Racing back down the Avenue of Remembrance, the storm caught us just at San Bartolomeo, forcing us to seek sanctuary in the church. The torrents fell, such that water rebounded from the ground and up to our knees. The Church was deserted, and dark, a wooden crucifix hanging above the altar, and shafts of weak light pouring in from one side. How many in centuries, or even days, past had come to ask mercy or guidance, one could never know, but one could certainly feel a kindred spirit with them.
When it became clear that no end to the lashings from on high was in sight, we charged down the snaking street back down to the low field, imagining what an excellent excuse seeking shelter from the storm would provide for an earlier dinner. Katrina, who likes to be prepared when it comes to mealtimes, and is loathe to indulge the Italian habit of slowly wandering the streets in search of inspiration for a place to eat, took command. There was a pizzeria that was open, apparently one of the few establishments to be so, as the Festa (public holiday period) had seen off many others. The prospect of a Southern pizza, no matter the place, time, weather or spirit, is unceasingly appealing, and motivating. The wrath of the Heavens is of scant concern alongside the hunger of a wife, and it was this which sped our passage into the warm and comforting glow of a welcoming pizzeria just outside the historic centre of Campobasso on its eastern side. The glowing embers which made the walls dance with orange light, and scent of various cheeses and scorched crusts, made our hearts sing.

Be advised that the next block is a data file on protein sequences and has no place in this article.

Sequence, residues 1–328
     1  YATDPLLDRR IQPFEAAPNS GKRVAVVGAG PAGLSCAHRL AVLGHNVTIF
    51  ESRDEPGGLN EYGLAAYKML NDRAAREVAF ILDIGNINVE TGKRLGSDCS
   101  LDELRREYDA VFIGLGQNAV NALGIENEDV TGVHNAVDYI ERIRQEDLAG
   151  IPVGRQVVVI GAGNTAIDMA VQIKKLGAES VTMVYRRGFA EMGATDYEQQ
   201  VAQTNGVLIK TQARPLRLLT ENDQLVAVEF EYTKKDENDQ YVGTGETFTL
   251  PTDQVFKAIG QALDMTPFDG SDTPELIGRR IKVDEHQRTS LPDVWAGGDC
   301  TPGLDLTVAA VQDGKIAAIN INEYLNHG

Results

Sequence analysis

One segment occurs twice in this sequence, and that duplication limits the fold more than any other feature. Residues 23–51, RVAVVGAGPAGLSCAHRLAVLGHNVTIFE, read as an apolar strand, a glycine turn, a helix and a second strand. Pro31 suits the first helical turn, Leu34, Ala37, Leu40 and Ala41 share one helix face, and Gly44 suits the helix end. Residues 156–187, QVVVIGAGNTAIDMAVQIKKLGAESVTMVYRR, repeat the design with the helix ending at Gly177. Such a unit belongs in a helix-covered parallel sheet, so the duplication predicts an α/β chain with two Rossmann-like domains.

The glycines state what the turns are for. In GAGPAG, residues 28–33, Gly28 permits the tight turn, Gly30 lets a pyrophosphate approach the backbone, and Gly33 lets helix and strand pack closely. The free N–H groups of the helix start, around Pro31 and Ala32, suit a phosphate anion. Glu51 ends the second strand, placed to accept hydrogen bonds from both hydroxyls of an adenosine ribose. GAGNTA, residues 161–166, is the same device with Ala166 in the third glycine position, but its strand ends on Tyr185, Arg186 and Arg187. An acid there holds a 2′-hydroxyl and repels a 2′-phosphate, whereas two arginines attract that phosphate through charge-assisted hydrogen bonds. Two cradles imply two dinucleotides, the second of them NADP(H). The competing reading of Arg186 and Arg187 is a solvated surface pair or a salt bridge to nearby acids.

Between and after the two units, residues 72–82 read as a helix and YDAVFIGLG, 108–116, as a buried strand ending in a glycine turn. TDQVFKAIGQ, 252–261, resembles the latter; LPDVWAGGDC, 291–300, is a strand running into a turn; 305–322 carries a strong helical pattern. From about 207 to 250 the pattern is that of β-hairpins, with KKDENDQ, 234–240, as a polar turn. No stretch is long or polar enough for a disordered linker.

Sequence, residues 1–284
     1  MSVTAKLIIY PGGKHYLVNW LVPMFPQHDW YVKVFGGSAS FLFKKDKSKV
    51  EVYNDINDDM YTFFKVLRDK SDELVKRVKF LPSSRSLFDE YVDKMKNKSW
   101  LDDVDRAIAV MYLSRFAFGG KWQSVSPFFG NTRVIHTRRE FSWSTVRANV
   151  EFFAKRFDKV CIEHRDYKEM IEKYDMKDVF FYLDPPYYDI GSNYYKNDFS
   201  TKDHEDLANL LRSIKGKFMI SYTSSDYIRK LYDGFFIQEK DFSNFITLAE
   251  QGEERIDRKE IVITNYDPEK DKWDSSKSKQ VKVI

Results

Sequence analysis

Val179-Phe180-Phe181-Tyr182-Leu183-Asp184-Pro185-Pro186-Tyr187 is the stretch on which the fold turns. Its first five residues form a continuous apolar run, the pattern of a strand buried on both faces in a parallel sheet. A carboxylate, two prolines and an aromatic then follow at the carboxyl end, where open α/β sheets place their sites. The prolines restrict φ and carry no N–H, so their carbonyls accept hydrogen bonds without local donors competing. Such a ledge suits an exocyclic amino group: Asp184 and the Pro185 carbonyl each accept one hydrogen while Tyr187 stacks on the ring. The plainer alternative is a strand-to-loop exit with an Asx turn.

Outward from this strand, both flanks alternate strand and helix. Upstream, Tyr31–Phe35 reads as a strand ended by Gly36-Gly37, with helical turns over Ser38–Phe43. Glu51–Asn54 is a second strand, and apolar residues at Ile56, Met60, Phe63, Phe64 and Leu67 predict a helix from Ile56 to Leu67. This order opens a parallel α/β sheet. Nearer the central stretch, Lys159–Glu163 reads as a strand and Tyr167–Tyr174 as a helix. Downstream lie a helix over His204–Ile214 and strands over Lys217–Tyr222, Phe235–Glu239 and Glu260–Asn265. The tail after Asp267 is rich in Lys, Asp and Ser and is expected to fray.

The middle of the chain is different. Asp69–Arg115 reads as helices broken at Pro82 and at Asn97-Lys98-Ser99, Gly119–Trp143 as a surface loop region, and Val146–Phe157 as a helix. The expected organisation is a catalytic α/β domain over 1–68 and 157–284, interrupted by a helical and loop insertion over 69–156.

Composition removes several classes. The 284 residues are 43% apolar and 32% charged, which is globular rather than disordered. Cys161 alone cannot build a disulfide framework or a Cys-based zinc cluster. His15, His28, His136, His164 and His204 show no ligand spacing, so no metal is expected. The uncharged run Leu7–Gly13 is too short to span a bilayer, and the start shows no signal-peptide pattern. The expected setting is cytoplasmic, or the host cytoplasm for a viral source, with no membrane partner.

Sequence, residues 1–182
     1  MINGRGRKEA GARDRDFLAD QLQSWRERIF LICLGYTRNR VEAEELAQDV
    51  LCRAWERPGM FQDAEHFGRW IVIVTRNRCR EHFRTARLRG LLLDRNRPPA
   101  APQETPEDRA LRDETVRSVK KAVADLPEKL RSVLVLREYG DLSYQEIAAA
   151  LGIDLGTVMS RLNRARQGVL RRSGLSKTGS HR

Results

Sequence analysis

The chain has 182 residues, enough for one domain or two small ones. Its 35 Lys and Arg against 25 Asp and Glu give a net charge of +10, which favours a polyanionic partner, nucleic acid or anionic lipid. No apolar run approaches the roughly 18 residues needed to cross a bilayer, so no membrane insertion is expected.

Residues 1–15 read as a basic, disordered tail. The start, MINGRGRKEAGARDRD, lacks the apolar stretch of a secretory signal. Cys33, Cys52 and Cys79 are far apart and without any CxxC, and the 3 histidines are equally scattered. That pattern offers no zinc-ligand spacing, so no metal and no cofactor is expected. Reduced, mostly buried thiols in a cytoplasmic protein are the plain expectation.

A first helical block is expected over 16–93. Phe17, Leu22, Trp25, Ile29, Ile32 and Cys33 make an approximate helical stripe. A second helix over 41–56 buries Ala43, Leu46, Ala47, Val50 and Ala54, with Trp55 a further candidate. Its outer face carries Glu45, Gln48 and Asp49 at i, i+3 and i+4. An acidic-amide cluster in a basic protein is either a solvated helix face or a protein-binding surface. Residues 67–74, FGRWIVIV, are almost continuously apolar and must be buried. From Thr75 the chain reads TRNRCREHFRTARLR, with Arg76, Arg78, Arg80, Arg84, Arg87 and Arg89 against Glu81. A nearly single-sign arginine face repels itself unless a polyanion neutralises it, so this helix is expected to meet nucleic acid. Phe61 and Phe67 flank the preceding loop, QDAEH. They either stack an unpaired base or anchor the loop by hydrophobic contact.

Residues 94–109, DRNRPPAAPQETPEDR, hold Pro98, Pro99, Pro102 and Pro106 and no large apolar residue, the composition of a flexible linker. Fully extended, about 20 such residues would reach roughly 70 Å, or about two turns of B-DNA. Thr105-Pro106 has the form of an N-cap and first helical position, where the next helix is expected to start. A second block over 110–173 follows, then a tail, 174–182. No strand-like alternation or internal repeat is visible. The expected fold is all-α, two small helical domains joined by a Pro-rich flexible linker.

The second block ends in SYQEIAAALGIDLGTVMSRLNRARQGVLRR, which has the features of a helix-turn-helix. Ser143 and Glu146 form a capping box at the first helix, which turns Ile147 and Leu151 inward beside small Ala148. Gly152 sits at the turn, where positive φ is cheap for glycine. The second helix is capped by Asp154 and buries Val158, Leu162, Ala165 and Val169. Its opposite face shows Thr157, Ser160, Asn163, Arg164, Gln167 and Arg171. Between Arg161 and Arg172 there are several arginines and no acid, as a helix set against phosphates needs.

One of the most well-rehearsed of Italian jokes will tell you that Molise 'non esiste' (doesn't exist). Our adventures so far, however, had been anything but dull, and were about to take a turn for the vastly more surreal...